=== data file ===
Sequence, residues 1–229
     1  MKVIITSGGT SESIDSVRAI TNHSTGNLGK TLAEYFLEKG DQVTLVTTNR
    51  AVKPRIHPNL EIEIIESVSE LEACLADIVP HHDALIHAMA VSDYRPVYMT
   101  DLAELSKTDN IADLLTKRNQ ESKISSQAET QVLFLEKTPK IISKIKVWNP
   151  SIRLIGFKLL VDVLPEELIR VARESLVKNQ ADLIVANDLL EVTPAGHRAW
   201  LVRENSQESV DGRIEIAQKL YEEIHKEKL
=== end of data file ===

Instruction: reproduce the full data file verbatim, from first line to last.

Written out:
Sequence, residues 1–229
     1  MKVIITSGGT SESIDSVRAI TNHSTGNLGK TLAEYFLEKG DQVTLVTTNR
    51  AVKPRIHPNL EIEIIESVSE LEACLADIVP HHDALIHAMA VSDYRPVYMT
   101  DLAELSKTDN IADLLTKRNQ ESKISSQAET QVLFLEKTPK IISKIKVWNP
   151  SIRLIGFKLL VDVLPEELIR VARESLVKNQ ADLIVANDLL EVTPAGHRAW
   201  LVRENSQESV DGRIEIAQKL YEEIHKEKL